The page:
BACKGAMMON DICTIONARY: GLOSSARY OF TERMS
Anchor: An anchor is a situation when you have two checkers or more on a point in your opponent's home board. For example, each game begins when each player has an anchor on his opponent's 1-point.
Automatic doubles: Any re-rolls at the start of each game (when each player rolls one die to determine who will go first) that causes a double. For instance, a 4-4 roll, will cause the game to start with double the normal stakes. The doubling cube will remain in the middle, so any player is able to double at will.
Backgame: This is where you have 2 or more anchors in your opponent's home board. (It should be used when you are considerably behind since it will improve your chances of winning.) The higher the point (or lower, from your opponent's point of view), the better it is to anchor, either on adjacent points or with a single point in-between. That way, you are able to interfere and hit your opponent's checkers later in the game. The Backgame strategy is also known as anchoring.
Backgammon: A situation where a player has not borne off any checkers and still has a checker on the bar or in the opponent's home board, while his opponent has finished the game. The losing player has lost a Backgammon - which counts for triple the amount of a normal loss.
Bar (Rail): The rail dividing the inner and outer tables is not counted as a space itself. When a checker is hit, you place it on the bar.
Bear Off: When all 15 checkers are in the player's home board, and he starts to take them off the board (bear off) according to the roll of the dice. Once a player bears off his last checker he has won.
Beaver: A beaver is a common rule meaning that a player is able to immediately redouble when offered the doubling cube, whilst still retaining the cube and not giving it back to the opponent.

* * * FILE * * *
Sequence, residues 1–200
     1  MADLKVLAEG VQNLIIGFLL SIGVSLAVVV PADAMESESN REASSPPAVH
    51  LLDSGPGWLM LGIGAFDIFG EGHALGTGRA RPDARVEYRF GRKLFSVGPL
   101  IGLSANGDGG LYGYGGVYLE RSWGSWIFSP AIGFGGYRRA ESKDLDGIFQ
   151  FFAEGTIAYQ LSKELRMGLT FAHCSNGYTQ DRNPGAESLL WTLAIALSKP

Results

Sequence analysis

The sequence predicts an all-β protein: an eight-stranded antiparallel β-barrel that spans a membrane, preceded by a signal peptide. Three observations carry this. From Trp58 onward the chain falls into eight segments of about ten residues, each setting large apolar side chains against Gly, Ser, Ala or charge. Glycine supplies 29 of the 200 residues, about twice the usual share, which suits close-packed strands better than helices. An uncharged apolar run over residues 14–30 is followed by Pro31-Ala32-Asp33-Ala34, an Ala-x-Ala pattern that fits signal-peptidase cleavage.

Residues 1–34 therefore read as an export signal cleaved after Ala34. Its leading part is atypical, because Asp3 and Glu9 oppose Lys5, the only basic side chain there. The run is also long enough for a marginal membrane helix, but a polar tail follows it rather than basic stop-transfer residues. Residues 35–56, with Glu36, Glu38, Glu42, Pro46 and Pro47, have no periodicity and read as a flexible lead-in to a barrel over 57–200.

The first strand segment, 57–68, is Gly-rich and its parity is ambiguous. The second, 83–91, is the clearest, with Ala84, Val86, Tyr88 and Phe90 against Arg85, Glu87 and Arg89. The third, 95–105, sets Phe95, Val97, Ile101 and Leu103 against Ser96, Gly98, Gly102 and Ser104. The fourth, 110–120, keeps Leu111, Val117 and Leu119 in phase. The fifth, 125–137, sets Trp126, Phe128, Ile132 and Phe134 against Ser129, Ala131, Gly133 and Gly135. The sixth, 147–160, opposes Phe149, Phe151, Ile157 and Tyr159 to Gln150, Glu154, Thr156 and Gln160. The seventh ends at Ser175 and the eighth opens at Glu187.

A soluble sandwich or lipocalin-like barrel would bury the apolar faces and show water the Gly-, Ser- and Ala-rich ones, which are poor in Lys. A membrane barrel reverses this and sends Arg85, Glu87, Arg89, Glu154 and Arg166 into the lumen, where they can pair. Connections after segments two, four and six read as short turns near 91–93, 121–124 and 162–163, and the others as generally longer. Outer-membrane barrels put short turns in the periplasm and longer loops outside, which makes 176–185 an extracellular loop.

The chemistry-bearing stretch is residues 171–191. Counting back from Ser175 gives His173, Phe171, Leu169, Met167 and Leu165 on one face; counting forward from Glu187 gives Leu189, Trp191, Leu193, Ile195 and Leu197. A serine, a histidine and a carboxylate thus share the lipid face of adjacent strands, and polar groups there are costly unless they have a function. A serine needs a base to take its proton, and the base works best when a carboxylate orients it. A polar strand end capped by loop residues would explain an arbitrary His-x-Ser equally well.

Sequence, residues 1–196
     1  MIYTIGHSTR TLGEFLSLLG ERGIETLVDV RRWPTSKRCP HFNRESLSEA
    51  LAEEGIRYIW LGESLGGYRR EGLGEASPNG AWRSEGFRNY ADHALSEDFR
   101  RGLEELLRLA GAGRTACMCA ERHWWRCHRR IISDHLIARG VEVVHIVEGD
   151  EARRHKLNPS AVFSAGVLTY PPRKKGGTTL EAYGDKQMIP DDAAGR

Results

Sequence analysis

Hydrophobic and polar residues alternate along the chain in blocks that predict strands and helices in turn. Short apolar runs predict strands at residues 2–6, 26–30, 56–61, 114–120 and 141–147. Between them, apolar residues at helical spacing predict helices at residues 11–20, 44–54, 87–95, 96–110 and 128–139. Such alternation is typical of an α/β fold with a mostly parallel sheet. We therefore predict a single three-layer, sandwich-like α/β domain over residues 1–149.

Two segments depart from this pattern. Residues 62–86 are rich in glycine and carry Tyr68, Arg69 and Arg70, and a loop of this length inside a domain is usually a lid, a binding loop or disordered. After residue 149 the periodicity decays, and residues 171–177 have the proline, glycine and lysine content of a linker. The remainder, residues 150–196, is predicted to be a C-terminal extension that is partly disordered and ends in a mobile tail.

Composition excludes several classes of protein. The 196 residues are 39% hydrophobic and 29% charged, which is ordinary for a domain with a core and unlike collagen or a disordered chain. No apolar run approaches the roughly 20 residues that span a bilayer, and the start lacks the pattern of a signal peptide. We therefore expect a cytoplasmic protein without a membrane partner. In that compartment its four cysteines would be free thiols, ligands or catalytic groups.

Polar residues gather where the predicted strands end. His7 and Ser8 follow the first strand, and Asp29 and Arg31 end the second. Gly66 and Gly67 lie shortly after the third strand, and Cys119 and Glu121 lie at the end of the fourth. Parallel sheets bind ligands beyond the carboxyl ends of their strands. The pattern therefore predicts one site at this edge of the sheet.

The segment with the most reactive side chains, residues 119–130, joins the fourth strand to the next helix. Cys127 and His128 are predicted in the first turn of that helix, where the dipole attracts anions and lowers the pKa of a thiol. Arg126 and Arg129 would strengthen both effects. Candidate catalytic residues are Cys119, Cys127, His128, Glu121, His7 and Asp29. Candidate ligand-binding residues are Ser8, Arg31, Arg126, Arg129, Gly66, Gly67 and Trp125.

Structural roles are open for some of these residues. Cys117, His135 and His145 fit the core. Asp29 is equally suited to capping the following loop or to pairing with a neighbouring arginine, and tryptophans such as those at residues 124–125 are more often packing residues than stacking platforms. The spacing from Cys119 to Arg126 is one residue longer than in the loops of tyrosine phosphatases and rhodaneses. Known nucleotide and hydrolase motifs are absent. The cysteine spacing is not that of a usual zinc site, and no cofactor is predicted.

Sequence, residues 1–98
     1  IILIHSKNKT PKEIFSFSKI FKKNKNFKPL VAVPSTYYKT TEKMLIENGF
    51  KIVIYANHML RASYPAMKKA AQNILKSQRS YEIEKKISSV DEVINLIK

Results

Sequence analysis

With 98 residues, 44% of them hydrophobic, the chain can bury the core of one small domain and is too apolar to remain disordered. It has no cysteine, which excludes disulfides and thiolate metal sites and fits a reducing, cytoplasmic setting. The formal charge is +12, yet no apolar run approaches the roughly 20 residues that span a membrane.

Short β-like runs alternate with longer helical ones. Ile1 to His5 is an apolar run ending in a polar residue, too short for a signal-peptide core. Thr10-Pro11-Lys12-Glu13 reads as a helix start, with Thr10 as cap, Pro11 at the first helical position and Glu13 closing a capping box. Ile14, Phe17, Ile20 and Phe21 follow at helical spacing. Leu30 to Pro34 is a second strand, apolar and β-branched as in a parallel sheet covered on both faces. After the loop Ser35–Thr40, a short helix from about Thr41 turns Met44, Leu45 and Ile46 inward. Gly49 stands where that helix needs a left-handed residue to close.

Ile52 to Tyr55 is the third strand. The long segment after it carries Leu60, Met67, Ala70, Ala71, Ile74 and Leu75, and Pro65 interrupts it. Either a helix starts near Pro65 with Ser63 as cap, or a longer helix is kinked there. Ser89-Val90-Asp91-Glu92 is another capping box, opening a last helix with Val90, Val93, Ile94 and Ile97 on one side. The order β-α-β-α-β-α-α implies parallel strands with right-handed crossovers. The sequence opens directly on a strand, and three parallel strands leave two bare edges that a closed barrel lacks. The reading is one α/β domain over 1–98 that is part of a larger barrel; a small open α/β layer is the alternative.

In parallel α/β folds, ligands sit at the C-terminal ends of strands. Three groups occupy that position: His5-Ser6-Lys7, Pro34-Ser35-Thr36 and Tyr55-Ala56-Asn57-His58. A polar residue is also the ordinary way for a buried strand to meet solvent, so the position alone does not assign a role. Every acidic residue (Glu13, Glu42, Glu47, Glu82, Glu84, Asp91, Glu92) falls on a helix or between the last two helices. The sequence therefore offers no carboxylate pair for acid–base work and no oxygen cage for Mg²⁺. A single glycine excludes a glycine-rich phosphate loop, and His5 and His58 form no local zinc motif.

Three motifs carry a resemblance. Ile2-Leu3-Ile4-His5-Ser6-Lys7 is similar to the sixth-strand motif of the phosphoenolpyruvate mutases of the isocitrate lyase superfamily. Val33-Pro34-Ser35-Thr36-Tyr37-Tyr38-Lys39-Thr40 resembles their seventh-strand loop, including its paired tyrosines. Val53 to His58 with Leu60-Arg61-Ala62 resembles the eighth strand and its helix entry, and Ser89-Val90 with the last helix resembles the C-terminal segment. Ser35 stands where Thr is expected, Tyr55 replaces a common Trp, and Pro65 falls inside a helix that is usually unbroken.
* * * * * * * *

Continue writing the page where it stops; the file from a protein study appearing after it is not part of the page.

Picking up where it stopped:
Block/ Blocking Game: A basic strategy where a player deploys his checkers with the intention of forming blocks in front of his opponent's checkers to obstruct their progress.
Blot: A point with only one piece on it. A blot can be hit by the enemy's checkers.
Double (Doubling cube): A doubling cube is a 6 sided die that that has the numbers 2, 4, 8, 16, 32, 64 on it. If a player believes that he has an advantage in the game, he may, in the beginning of his turn (before rolling the dice) double (demand that the game be played for twice the current wager). His opponent must either accept the challenge or forfeit the game. After that, the right to redouble belongs exclusively to the last player who accepted a double.
Doubles (Doublets): A situation where a player rolls two dice with the same number, which then allows him to move twice the amount of the double.
Enter: Entering means to re-enter a checker from the bar into your opponent's home board and then back into the game.
Full Prime: A full prime is a situation where one player holds six points in a row. It is regarded as the most powerful position in the game since your opponent is stuck behind it.
Gammon: At the end of a game, if one player has not been able to borne off any of his checkers by the time his opponent has borne off all of them, he has lost a gammon and loses twice the value of the game.
Hit: A hit is when you move one or more of your pieces to a point with an enemy blot which puts it on the bar.
Home Board: The first six points on the board, to which a player must move all his checkers for the bearoff. It is also known as the Inner Board.
Jacoby Rule: The Jacoby Rule means that gammons and backgammons will count for double and triple points only in the case that at least one doubling has occurred during the game.
Outer Board: The points that are not considered any players' home board (points 7-18).
Pass - to pass: The refusal to accept the doubling cube when doubled by the opponent, hence forfeiting the game and losing the value indicated on the cube before the double.
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